Reach Local & Dexknows – Review of Online Marketing Programs

Reach Local & Dexknows – Review of Online Marketing Programs

What passes as a quality search engine marketing strategy for small to medium businesses nowadays is interesting to say the least. If you or a colleague or friend have recently subscribed to an online marketing service that employs the use of sponsored links on Google at a flat cost per month, then the next 800 words or so are highly recommended reading.

On more than one occasion, business owners have described to us the search engine marketing offerings of major print and television advertising purveyors. Dex (doing business as Dex One or Reach Local ( offer a flat rate, blind spend pay per click program as a main ingredient of its Google marketing strategy. In fact, it’s a pay per click program (Google Adwords) where they buy clicks from Google and then mark it up as a flat rate fee and sell to trusting business owners without any cost per click transparency. So, what’s the problem with no transparency?

Let’s rewind for a moment. Pay Per Click (PPC) management companies have been around for years. Jumpfly, Inc. is one such example of a company that is well-known as a solid PPC management firm. Like most legitimate PPC management firms, they charge a flat percentage of a client’s budget. The percentage ranges from 10% to 15% typically. Essentially, they act as an agency and do the work of optimizing the results of a PPC campaign and provide complete transparency and accounting of every penny spent on actual clicks. That way, their clients know exactly what they are paying per click and they know exactly how the campaign is performing and which keywords are generating the traffic – all very important business intelligence today. So, when DexKnows or other flat rate, blind spend PPC profiteers don’t share their actual markup of their service or real cost for every click they buy, they are operating outside the norm of the established ethical parameters that were set in the industry long before they started calling themselves internet marketers.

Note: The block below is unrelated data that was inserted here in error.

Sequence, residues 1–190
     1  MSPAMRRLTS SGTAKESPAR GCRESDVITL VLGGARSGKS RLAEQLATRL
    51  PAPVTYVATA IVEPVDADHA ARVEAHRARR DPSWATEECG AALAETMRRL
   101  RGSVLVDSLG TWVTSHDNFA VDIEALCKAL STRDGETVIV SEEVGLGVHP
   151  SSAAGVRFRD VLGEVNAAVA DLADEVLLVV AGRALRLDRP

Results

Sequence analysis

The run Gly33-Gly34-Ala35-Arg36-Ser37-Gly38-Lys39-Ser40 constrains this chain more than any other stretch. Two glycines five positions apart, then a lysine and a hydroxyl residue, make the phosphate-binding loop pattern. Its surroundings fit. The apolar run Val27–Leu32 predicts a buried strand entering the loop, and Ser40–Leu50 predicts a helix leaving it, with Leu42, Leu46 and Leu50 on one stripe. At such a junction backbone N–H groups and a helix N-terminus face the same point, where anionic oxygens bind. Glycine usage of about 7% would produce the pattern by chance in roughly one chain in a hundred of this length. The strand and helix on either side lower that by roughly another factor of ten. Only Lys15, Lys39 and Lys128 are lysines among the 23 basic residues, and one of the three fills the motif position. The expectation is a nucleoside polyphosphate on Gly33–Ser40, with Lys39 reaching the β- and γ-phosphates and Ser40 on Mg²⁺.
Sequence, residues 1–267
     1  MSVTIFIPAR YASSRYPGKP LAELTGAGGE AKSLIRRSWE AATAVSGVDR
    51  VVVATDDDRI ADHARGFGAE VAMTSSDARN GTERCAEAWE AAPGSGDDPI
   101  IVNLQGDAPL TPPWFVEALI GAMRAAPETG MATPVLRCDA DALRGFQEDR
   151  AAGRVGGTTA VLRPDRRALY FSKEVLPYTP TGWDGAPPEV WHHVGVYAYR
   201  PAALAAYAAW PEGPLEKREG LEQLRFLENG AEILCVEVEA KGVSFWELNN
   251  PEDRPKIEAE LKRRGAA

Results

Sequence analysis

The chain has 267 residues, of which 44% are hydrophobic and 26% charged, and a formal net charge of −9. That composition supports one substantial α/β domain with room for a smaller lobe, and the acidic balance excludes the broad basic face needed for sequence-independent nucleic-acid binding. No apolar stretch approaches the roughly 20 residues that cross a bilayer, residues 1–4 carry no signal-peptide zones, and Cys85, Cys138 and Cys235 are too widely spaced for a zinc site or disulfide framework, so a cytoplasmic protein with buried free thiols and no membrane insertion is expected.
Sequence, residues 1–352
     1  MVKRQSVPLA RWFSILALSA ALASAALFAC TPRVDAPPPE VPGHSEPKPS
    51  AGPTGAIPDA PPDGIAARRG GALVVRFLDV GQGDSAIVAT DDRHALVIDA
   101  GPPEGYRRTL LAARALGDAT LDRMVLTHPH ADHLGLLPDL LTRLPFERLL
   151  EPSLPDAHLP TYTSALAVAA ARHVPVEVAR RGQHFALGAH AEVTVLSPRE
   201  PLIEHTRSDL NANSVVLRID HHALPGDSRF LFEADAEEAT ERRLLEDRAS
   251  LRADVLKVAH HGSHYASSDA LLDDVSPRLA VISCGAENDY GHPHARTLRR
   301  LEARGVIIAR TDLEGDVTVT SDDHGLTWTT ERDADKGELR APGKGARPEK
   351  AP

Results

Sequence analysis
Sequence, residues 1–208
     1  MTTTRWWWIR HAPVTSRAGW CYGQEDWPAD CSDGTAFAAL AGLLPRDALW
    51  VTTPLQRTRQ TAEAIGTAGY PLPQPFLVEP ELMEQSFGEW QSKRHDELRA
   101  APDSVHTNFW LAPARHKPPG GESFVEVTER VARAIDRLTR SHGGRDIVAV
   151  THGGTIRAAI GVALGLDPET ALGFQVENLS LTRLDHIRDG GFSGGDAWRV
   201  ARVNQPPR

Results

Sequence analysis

The fact is that anyone, even businesses with very limited budgets for online advertising, can buy clicks directly from Google (using Google Adwords service). Adwords accounts can be set up in a matter of minutes. Google publishes a number of videos on how to do it yourself without the aide of a third party who might inflate click prices.

What are these Dex, Reach Local or other similar representatives saying in their sales pitch that might make a business believe that their flat rate PPC program is a better deal than buying clicks directly from Google? When that is discovered, it will make for an interesting read for sure. Until then, one can only imagine how a business owner would be dissuaded from buying clicks directly from Google only to choose to have their clicks marked up at an unknown percentage by a media firm that does not specialize in the search marketing field.